This commentary on ZDNews talks about the need of the Linux development community to build something new and revolutionary, something that Microsoft has not offered to its customers, instead of trying to recreate Ms Office as the main "killer application" that Linux needs in order to go mainstream. One day after the above commentary went live, there is already an answer to it made by the C|Net News.com editorial stuff here. Both editorials are a good read. Our Take: I wrote a similar editorial once, called "The Killer Application Concept", about what BeOS needs to make it through and become mainstream, and I still stand in this opinion and I believe it applies for the Linux situation as well. To summarize: The OS doors are closed, except you do create a real (r)evolution.
Two more Linux companies are taking drastic measures to cope with financial problems. Lineo is ridding itself of more than half of its work force, and Ebiz Enterprises has filed for bankruptcy protection. Get the rest of the scoop at C|Net's News.com.
GNUstep provides an Object-Oriented application development framework and tool set for use on a wide variety of computer platforms. GNUstep is based on the original OpenStep specification provided by NeXT, Inc. (now owned by Apple and incorporated into MacOSX). We are hosting today an interview with Adam Fedor, of the GNUstep project.
The Register writes: "Compaq's iPaq PocketPC development team seems to be so unhappy with the upcoming merger with Hewlett-Packard, they have en masse offered their services to the highest bidder on the online job search site The Vault. Under the headline "iPaq PPC Engineering Team for Hire", the "core iPaq engineering team" says it is "seeking new opportunities and want to design the next winning PPC for your company. This team is responsible for the original iPaq and other designs that are yet to be released. Our team will vault your company ahead of its competitors." Our Take: I wonder if Palm will cancel the deal of the $11 million they would pay to Be, Inc. to just get the Be engineers and send offer letters and Palm Pilots as gifts (but this time, recent models with working batteries) to the iPaq engineers. ;-)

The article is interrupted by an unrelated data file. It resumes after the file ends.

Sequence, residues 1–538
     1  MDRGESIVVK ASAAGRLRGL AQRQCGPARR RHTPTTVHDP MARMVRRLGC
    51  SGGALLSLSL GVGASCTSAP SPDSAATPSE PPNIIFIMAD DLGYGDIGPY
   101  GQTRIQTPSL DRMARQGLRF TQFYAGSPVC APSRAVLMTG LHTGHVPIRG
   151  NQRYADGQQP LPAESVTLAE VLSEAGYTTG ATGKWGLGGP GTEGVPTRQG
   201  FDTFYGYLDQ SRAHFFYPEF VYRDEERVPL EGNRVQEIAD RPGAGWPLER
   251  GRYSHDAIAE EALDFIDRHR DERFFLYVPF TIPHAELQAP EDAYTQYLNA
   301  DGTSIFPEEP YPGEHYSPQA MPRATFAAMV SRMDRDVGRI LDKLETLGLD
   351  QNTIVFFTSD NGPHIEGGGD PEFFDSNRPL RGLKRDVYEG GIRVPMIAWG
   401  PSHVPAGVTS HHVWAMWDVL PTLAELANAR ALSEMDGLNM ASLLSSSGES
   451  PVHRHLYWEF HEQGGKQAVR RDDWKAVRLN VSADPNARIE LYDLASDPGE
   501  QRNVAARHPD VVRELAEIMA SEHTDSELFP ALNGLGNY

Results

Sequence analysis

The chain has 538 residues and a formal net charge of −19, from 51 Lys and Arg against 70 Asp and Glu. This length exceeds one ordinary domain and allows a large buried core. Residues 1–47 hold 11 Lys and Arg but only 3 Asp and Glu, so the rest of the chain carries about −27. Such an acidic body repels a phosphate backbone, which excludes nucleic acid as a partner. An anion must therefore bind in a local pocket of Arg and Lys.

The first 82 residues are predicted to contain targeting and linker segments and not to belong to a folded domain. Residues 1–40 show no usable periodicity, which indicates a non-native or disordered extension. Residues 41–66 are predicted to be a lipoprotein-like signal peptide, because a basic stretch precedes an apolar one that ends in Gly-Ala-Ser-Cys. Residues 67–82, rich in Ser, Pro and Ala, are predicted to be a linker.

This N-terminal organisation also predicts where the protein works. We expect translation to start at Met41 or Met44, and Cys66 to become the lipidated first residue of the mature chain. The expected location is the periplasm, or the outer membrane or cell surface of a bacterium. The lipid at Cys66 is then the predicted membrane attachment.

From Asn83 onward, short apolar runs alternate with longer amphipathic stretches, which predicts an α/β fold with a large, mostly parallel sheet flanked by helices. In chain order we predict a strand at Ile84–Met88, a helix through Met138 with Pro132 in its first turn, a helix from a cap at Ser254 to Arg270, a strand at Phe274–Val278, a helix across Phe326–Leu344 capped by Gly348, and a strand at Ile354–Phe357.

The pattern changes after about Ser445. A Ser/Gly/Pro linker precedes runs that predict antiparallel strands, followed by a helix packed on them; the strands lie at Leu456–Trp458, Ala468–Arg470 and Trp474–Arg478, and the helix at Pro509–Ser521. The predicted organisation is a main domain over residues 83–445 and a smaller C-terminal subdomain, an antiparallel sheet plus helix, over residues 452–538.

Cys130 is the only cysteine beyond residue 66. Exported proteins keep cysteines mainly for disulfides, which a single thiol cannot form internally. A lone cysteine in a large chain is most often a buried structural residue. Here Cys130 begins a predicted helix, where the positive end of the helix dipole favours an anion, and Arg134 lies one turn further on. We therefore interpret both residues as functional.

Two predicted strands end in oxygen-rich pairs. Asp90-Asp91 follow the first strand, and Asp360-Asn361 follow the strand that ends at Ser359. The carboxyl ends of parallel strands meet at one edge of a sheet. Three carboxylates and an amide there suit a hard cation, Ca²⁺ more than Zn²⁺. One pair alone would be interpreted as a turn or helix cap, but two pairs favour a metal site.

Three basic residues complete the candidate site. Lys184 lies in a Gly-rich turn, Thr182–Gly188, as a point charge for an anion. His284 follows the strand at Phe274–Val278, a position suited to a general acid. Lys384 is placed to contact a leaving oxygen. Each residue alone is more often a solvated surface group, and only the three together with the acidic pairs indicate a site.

"Databases were once the forgotten stepchild of the open-source family. Companies like Red Hat Inc. included database software with their Linux distribution disks, but the main focus was on the operating system, the kernel and the graphical interface. A database was just another add-on, like a Minesweeper clone. But now, companies and users are scrambling to realize the value locked up in quality, open-source database software," ComputerWorld writes. Following the discussion we had recently on mySQL and PostgreSQL, the article seems to agree that professional closed-source database systems still have the lead on the open source counterparts.
Trumpet Software is mostly known for their Internet communications software package, Trumpet Winsock, which has been adopted by the Internet world back in 1995, at the times where Windows 3.1 and Win95 did not come as standard with full internet connetion capabilities. But the main product these days for Trumpet Software is PetrOS, a 32-bit Operating System, which has the goal to be compatible by all means with Microsoft Windows. We are interviewing the main architect behind the project, Peter Tattam, who talks in depth about PetrOS, and also we feature a world exclusive first screenshot of the PetrOS GUI, a GUI which is still under heavy development.
Bonobo is the component object model of the GNOME project. Bonobo provides a COM-like model, using CORBA as a location-transparent transport. It is the foundation of the GNOME vision to provide a fully Free Gnu Network Object Model Environment. In this series of three articles, Michael Meeks, component software engineer at Ximian, examines Bonobo in more detail: The first article (already published) gives an overview of what Bonobo can do for you and how it works; the second article will focus specifically on the client side and cover how to use components others have written; and the final article of the series will discuss how to write your own components.